By Yusimi Rodriguez (photos: Caridad)
HAVANA TIMES — I noticed that on many occasions when writers for Havana Times criticize the situation in our country, readers will appear ready to demonstrate that conditions are even worse in other countries.
For example, we might criticize our electoral system for allowing only one political party to take part… excuse me, where the sole party “doesn’t need to participate in the elections” (since it’s enough for it to approve or disapprove of the candidates early on).
Likewise we might point to our electoral system as guaranteeing our right to vote (almost requiring it) – but not our right to choose.
In any instance such as these, someone will write explaining that the multi-party system has failed to guarantee the existence of true democracy or that the exercise of choice is only in appearance because citizens fail to affect any profound changes through voting.
The same happens when we find fault in the lack of press freedom and freedom of expression here. It doesn’t matter what examples of this we provide, some commentator will start mentioning articles or documentaries that are censored in other countries or the numbers of journalists imprisoned or killed or how ordinary citizens are fired for speaking their minds.
How can we criticize Cuban education — even if we’re witnessing the poor preparation of teachers, often as young as their students; corruption, with teachers accepting bribes and selling tests; or the need to participate in mass rallies — when the vast majority of people in some other countries don’t even have access to education?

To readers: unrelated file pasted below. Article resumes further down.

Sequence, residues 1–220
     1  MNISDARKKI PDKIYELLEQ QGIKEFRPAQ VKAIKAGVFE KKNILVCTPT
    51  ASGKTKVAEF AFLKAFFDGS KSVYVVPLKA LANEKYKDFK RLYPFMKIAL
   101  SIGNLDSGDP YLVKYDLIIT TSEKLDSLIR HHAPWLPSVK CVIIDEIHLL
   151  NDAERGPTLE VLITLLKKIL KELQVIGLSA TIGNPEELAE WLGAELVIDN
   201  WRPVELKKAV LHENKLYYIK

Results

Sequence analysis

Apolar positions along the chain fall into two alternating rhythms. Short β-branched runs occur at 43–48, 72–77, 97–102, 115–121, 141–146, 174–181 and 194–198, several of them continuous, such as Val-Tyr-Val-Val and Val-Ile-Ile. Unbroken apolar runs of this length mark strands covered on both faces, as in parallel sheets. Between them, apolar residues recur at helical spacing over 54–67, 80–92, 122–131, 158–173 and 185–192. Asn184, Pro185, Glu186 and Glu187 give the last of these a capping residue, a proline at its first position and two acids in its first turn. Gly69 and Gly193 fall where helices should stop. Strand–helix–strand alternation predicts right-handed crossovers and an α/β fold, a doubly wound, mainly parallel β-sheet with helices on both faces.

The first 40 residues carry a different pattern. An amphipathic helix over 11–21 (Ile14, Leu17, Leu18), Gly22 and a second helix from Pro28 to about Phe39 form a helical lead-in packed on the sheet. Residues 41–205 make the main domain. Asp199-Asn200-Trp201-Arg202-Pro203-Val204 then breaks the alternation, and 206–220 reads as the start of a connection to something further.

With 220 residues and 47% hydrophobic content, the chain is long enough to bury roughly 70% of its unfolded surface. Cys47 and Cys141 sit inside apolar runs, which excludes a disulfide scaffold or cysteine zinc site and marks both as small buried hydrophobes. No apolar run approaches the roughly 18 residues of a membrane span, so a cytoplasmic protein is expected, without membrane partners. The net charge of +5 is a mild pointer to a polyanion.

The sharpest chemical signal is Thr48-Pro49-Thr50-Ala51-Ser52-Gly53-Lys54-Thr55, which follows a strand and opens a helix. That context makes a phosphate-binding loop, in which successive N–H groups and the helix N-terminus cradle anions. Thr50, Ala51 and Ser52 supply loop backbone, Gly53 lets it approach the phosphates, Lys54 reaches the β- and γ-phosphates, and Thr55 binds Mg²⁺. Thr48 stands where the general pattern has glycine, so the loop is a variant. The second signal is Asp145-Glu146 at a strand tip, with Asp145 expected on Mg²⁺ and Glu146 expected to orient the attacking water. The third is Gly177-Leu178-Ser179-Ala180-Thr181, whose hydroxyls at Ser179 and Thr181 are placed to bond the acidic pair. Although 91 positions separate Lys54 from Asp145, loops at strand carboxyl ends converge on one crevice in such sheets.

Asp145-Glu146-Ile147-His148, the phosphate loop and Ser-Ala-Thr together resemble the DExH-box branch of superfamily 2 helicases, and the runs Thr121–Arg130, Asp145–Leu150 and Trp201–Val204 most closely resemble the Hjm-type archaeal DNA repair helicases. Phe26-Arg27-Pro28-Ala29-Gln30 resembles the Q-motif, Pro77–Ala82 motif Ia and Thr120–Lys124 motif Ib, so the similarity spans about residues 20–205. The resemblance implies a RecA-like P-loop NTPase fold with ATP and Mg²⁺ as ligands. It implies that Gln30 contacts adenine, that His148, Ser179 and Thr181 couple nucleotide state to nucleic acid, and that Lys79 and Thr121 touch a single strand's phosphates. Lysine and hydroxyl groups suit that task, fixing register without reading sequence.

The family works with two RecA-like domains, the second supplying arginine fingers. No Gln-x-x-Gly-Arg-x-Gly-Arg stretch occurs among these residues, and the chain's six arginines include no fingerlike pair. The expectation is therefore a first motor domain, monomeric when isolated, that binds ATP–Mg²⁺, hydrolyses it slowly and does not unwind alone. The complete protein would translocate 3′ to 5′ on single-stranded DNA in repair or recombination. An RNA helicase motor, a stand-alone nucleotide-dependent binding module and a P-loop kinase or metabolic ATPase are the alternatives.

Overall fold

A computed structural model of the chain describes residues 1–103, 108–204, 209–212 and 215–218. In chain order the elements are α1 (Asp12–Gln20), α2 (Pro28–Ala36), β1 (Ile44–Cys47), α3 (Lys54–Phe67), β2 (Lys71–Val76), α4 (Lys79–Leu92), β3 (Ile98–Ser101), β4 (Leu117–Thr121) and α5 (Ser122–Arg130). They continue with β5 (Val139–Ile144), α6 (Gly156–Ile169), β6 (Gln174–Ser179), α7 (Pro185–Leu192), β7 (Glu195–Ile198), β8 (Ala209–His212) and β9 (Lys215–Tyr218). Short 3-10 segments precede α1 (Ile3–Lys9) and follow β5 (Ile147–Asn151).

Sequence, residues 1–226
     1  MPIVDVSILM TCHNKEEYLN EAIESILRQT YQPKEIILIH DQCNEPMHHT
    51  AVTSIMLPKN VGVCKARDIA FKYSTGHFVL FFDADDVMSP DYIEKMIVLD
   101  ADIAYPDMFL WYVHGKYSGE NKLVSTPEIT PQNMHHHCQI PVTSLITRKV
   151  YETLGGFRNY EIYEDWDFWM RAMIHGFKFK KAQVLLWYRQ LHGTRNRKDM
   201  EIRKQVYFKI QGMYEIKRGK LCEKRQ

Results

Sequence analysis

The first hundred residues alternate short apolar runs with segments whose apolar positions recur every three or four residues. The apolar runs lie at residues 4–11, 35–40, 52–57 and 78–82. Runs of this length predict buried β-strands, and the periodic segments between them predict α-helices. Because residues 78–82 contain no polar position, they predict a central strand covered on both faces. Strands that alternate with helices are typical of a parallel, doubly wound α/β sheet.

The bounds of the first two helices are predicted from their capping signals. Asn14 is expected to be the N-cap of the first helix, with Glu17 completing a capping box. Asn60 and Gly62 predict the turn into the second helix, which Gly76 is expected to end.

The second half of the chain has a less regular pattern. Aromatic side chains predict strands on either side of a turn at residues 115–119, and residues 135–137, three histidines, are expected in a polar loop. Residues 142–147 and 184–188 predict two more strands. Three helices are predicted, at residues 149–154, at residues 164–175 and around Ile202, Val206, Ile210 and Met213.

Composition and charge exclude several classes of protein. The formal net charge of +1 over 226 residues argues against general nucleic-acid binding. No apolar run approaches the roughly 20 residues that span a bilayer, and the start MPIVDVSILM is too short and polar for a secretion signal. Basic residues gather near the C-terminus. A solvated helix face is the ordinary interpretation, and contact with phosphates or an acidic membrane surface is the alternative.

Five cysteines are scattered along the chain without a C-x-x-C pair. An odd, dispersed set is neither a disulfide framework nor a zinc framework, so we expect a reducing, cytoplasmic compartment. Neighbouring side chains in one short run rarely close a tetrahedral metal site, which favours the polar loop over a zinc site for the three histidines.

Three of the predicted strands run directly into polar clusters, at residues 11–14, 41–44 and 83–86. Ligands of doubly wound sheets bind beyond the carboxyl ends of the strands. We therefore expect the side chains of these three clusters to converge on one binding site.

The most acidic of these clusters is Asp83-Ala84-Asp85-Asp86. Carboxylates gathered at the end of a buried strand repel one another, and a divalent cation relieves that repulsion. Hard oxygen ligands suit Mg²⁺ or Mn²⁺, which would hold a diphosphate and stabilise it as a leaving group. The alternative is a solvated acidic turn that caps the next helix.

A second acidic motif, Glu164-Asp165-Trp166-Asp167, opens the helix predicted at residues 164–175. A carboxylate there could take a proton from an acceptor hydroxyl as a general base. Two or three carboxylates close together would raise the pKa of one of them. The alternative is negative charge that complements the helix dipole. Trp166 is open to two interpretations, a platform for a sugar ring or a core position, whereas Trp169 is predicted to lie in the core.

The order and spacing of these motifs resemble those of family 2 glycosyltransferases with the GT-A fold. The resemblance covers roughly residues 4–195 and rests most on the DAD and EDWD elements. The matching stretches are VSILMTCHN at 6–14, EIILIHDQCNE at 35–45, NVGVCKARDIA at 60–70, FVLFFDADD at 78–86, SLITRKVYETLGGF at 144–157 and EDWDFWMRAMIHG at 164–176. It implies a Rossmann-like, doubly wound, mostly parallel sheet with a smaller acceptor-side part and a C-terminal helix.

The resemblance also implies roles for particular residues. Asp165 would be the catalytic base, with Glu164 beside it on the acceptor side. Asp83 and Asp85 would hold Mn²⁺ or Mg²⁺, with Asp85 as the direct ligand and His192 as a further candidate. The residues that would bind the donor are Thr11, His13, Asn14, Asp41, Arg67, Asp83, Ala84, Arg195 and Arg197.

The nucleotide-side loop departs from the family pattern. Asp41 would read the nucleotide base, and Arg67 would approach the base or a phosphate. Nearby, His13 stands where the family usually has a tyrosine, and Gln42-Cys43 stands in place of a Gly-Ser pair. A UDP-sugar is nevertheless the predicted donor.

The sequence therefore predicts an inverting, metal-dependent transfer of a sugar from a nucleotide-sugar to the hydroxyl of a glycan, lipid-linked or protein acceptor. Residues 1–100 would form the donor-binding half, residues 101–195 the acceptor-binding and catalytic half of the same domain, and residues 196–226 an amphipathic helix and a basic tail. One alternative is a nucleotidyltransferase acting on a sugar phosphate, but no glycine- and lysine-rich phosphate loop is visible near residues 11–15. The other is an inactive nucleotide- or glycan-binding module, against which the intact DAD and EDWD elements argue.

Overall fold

And what about free health care, that other icon that legitimizes the Cuban Revolution? How can we criticize this medical system that’s available to every Cuban — though often there’s neither the appropriate medical instruments in the hospital, nor drugs, nor materials to get a X-ray or other tests (unless you have a friend who works there) — when there are countries where people die of curable diseases because they can’t afford medical care?
I also get those responses from foreign friends when making any criticism of this country. All I can do is respect their opinions and respect those who send in comments to Havana Times. In many cases they achieve their goal: making me feel guilty, as well as ignorant, or at least lucky to live in this country.
But therein lays the danger. These foreigners or Cubans living abroad, who have the ability to compare, don’t argue based on our situation; instead, they use other countries as negative examples. This isn’t to show us that we’re doing well here, but that the situation is much worse elsewhere.
“You Cubans need to look on the bright side,” they seem to be saying. “You folks need to be content, appreciate what you have – because if you try to change things all you’re going to do is make them worse.”
That’s the message that has kept us paralyzed for years: The fear of jumping out of the boiling water into the flames.
This also seems to be the tactic now being used by our media. The objective remains the same: To make us feel that only under the guidance of our unwavering political elite will we be safe.
But now they’re taking a different tack: Instead of talking about our accomplishments — which is becoming difficult to do in the current circumstances — the emphasis is being placed on showing the horrors that occur outside of our borders.